The most common mistakes concern cutting height and when not to cut. When cutting in spring, keep the height at not less than 25mm (1in). In warmer, drier periods raise the height of the cut to 40mm (1.5in) but if it remains really dry and watering is difficult, then up to 50mm (2in). When the grass is not growing and is becoming brittle, do not cut it. If the lawn has become dry, watering is essential if you want to keep it looking good and you may have to increase your watering program to recover the lawn. Only when you start to see the lawn recover, is it time to restart cutting again.
These should be nutrition-based and applied at both the start and towards the end of the summer. By applying an early and late summer treatment, each plant in your lawn will be strengthened to withstand warm conditions and will ensure a healthy and vibrant green coloured lawn for you to enjoy on long summer days.
Summer lawn tips – making the most of autumn
Time needed: 1 day.
Here, lawn specialist David Hedges-Gower, author of Modern Lawn Care, explains what has been happening both above and below ground during the scorching summer months, and offers some summer lawn tips for getting your grass back to a healthy green state as soon as possible…
- Give soil some air
The combined heat and drought will have shrunk the soil – and grass hates dried and compacted soil. It needs air and water to thrive and maintain strong root systems.
So once the heat passes and the soil stops baking, start autumn renovation below ground with some aeration, because the key to any plant health is good working soil.
“Don’t follow the advice to go around digging into the lawn with a garden fork,” says Hedges-Gower. “Your mission is to decompact the soil, not just add some holes and using a solid tined garden fork will not achieve this.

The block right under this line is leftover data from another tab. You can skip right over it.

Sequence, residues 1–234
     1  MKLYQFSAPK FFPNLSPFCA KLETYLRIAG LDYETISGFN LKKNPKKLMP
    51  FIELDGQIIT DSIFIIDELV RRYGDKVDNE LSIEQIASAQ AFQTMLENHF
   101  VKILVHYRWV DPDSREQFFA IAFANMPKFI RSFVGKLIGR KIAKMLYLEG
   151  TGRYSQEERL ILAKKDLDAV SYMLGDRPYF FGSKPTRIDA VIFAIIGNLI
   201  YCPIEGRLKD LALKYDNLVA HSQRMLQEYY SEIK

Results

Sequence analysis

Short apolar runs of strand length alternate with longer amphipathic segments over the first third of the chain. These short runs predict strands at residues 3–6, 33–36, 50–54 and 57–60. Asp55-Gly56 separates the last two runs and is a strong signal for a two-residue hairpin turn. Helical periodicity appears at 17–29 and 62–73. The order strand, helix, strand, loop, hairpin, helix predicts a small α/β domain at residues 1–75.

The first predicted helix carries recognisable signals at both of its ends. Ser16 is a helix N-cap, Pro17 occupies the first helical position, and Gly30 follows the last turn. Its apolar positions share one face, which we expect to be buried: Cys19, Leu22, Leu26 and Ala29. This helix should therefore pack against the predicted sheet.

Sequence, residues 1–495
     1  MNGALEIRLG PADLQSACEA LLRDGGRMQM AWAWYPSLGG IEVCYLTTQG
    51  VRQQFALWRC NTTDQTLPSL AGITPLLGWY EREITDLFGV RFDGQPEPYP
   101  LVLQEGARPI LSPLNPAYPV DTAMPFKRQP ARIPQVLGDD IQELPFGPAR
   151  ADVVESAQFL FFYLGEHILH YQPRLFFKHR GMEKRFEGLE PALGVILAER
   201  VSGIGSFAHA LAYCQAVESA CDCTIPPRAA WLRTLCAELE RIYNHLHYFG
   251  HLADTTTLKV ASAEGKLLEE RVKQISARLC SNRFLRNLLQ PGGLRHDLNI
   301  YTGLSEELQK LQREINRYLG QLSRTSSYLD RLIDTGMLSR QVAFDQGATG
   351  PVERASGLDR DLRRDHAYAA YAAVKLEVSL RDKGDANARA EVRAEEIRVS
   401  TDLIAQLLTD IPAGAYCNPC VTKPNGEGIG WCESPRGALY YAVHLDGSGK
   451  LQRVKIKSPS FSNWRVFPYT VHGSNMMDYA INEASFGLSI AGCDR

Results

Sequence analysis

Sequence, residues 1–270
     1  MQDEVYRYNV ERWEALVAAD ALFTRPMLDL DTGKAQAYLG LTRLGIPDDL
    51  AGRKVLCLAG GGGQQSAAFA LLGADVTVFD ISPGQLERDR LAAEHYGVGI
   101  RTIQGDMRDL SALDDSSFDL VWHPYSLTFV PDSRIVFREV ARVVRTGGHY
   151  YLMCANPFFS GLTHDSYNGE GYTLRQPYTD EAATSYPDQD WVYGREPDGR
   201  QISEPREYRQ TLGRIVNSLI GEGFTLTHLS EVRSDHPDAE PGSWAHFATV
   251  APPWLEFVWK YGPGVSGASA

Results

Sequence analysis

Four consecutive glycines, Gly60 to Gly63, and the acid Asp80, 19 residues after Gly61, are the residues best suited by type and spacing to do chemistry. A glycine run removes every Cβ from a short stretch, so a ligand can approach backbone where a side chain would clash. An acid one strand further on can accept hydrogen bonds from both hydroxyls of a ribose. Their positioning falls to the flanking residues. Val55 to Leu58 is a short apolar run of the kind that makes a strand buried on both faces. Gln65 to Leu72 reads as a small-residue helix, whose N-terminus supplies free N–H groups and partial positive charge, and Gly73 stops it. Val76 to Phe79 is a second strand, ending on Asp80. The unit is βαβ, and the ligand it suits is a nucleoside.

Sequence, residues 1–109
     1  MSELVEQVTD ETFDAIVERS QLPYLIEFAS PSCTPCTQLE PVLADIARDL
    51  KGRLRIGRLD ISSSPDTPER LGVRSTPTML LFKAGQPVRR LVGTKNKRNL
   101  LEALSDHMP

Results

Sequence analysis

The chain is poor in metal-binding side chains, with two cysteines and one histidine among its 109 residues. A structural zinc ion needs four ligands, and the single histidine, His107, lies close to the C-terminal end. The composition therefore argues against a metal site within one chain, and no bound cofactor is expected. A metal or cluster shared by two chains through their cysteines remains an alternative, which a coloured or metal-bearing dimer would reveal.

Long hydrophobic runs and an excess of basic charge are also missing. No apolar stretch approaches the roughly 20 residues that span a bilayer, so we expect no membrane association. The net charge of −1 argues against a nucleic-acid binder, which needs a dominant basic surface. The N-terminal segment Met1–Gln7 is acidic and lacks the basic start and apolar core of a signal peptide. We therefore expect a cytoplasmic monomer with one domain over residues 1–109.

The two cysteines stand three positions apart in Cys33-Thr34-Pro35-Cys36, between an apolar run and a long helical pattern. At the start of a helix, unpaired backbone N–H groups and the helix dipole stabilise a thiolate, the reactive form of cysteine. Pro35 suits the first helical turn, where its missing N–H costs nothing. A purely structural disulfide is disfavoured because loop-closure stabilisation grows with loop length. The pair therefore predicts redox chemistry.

“Instead, use the tools designed for the job. Hollow-tine aerating forks and machines do exactly what your lawn needs; they remove cores of soil without further compressing what’s left and this creates those essential small channels for improved root development, water percolation and nutrition longevity.”
A machine can aerate a small-medium (250m²) lawn in around 20 minutes. A hollow tine fork takes longer but is still fine for a small area.
- Don’t worry that the grass is dead
Because, it’s absolutely not. Any healthy grass will not have died below ground. The dead brown leaves are simply what happens when it shuts down as the mercury rises and the plants’ own reserves are exhausted.
Autumn rains will soon see green growth reappear. But those dead blades of grass on top will have created some excess thatch that you now need to sort out, so you’ll need to scarify the lawn to get rid of it.
- Remove lawn debris too
For small areas, you can get by with a wire rake, but this will never scarify as well as a powered ‘bladed’ machine. A purpose-designed scarifying machine will slice through the shoots, leaves and stolons (or runners), maximising the grass’s ability to regenerate from the re-emerging plants. Some patches may need the addition of new grass, and as you are improving conditions in the soil and on the surface you can also do some overseeding.
Choose between a blend of natural species (bents and fescues, or what is often referred to as a ‘luxury lawn mix’) or a dwarf ryegrass mixture for increased wear and tear.
- Control moss
Whether you are doing a renovation or maintenance scarification, now is the perfect opportunity to apply moss treatment. Remember to do this following scarification, not before, so that the moss killer can kill the moss plants and spores at the base of the grass.
- Feed your lawn
Your lawn may have stopped growing before the long dry spell, and been living off of its own food reserves since – so will now need feeding. But what do you feed it, and how much?
Over-feeding should not be too much of an issue this autumn, but in these conditions you should avoid a high-nitrogen quick
release fertiliser. Instead, use a feed that has a small amount of phosphate and potassium, as well as nitrogen.
A well-balanced feed for these conditions would be something like a 15-5-12 (nitrogen/phosphorous/potassium) fertiliser applied at 25g/m². This will give you just enough nitrogen to last for 10 weeks or so.
- Slow down on mowing
Lawn growth should be starting to slow down, so you can begin reducing the regularity of mowing, and at the same time gradually increase the cutting height.
Read our guide to 7 lawn care tips to follow for the perfect lawn.